By Rasheed Sobowale
Looking back a month ago, the number of confirmed coronavirus cases in Nigeria was lesser than half of a thousand.
In April 15, according to a report by the Nigeria Centre for Disease Control (NCDC), the number of people infected by the coronavirus disease (COVID-19) was 407 while only 12 sadly lost their lives. On the good side, 128 of the total cases as at then recovered and were subsequently discharged.
Recall this was two days after the President, Muhammadu Buhari, addressed the nation for the second time on the COVID-19 pandemic and also ordered that the lockdown in Lagos, Ogun, and the Federal Capital Territory (FCT) be extended for an extra 14 days as part of renewed efforts to tackle the coronavirus in the country.
As at the date of the president’s address (April 13th), the nation only recorded 323 confirmed coronavirus cases and 10 deaths.
Fast forward to May 15, a month later, the nation’s number of coronavirus cases have skyrocketed; increasing by 1,237.8 per cent. Figure-wise, the April 15 number of confirmed cases which was 407 had increased to 5,445, a month later.
Sadly, the number of people who have lost their lives to the virus has also increased by 1,325 per cent. Figure-wise, as at April 15, the number of fatalities recorded was 12; but as at May 15, the number has increased to 171.
Why the increase?
The number of coronavirus cases as seen across the world is proportionate to the number of tests conducted by the concerned nation.
The number of tests conducted by the Nigeria government in proportion to the nation’s total population is low; although this has significantly increased till date.
For instance, as at April 13, the nation has only tested about 5,000 people and reported 323 confirmed cases. This in comparison to its total population of more than 200 million is on the low side.
In comparison, as at the same time, South Africa, with a population of 59.3 million conducted about 75,000 tests of the COVID-19 and recorded more than 2,000 confirmed cases.
However, Nigeria as at May 15 has tested more than 30,500 people; and recorded 5,445 confirmed cases. It can, therefore, be inferred the more a country test, the higher the probability of the number of confirmed cases increasing.
Countries like South Africa, on the other hand, has conducted almost 200,000 testings so far, while targeting daily testing of more than 10,000.
Ease of lockdown
President Buhari in his national address (the third) on April 28th approved a phased and gradual easing of the lockdown in Lagos, Ogun states, and the Federal Capital Territory, Abuja. The lockdown was ordered to be eased starting May 4.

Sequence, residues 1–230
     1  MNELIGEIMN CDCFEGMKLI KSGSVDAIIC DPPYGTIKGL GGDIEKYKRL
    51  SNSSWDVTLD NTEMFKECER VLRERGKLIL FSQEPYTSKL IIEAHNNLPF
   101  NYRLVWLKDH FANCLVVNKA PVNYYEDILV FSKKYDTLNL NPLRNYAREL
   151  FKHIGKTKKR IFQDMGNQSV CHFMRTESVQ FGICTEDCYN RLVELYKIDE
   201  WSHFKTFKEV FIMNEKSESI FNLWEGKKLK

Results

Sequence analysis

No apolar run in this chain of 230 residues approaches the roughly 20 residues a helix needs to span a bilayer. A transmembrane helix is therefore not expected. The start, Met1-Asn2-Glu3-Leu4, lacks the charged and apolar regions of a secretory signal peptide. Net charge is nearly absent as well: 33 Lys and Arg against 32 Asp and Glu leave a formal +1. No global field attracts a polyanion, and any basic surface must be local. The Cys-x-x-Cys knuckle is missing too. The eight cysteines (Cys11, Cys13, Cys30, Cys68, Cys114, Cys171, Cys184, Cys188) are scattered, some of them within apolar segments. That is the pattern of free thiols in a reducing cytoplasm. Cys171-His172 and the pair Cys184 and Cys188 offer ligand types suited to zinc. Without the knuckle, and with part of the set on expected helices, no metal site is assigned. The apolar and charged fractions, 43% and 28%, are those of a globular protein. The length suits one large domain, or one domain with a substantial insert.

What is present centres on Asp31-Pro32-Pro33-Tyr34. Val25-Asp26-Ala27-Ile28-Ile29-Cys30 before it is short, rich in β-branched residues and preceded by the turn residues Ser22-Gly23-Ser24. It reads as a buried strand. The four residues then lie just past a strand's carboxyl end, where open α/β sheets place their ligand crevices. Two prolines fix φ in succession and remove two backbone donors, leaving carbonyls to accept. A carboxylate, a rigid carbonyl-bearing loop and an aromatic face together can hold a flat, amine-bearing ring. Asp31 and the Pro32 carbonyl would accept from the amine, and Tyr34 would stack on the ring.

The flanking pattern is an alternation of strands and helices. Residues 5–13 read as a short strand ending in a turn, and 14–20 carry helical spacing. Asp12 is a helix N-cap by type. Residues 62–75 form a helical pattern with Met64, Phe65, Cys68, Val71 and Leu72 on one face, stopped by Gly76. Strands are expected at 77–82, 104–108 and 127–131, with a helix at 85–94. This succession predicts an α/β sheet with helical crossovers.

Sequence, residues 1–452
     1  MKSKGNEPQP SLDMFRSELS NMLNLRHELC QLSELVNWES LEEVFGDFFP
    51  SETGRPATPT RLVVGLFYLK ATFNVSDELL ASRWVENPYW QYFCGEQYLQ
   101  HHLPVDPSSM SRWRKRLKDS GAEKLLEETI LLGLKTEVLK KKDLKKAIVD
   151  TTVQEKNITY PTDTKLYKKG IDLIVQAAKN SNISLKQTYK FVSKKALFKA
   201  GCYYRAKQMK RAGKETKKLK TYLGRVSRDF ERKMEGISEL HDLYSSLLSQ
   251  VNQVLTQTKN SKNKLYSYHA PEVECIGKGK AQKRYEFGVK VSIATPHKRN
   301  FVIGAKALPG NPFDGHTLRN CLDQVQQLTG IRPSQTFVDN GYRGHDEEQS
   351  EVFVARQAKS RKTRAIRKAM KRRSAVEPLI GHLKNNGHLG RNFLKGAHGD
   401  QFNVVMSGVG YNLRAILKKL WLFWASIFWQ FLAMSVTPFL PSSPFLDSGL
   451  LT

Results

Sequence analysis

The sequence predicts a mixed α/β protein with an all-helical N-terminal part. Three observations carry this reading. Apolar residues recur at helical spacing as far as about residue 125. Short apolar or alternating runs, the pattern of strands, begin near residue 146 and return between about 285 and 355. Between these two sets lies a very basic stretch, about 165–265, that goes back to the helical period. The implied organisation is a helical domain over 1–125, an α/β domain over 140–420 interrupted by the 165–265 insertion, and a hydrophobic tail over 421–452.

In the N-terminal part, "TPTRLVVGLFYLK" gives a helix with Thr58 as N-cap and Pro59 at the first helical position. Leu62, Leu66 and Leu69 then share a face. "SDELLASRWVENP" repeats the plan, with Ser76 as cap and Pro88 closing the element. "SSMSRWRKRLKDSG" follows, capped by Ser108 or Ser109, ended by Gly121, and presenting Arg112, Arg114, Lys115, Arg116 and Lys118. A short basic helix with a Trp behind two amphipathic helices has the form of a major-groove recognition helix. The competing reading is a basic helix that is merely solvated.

By May 4, the number of confirmed cases has already spiked to 2,802 with 92 fatalities, and happily, 407 recovered from the infection.
There has been fear of community transmission of the coronavirus since the ease of the lockdown in Nigeria considering the violation of the lockdown preventive measures by Nigerians hustling their way to work and other activities.
In his concern, the Lagos State Governor, Babajide Sanwo-Olu expressed displeasure over non-compliance by residents to safety guidelines and directives in the wake of gradual easing of lockdown, warning that government would not hesitate to review the terms of easing if the level of compliance continues to nose dive.
Lagos State is the epicentre of the coronavirus cases in Nigeria with a number of cases almost three times that of the second-highest state.
The Director General of NCDC, Dr Chikwe Iheakwazu speaking during a daily briefing of the Presidential Task Force (PTF) on COVID-19 berated the manner in which many Nigerians violated the government’s safety measures and noted the authorities could be forced to impose another lockdown.
“…what we do not want is an explosion of new infections. If we do have that explosion, there would be almost no choice left for the leadership of the country than to ask all of us to go back into our homes.”
Cases expected to increase
In spite of the poor health facilities in Africa, experts are still amazed at how the number of cases has not yet surpassed Western nations like the United States (US) where the virus has infected more than 1.4 million people.
The Lagos State Commissioner for Health, Prof. Akin Abayomi said considering the current trend of the increase in the number of COVID-19 cases, the state may possibly record between 90,000 and 120,000 cases by July or August.
Likewise, the World Health Organisation (WHO) modelling study reported by AFP has estimated the new coronavirus could infect a quarter of a billion people in Africa and kill 150,000 people a year unless urgent action is taken.
Authors of the research, published in the journal BMJ Global Health, predicted a lower infection rate than in other parts of the world like Europe and the US, with fewer severe cases and deaths. But while they said many African nations had been swift to adopt containment measures, they warned that health systems could still quickly become overwhelmed.
Presently, all 54 African countries have recorded at least a case of the coronavirus, while there are concerns the number of cases was under-reported.
“The testing system is quite overloaded,” admitted a doctor working at a private clinic in Lagos, who asked not to be identified.
“It takes time for… the results,” he told AFP. “And are they accurate? We don’t know.”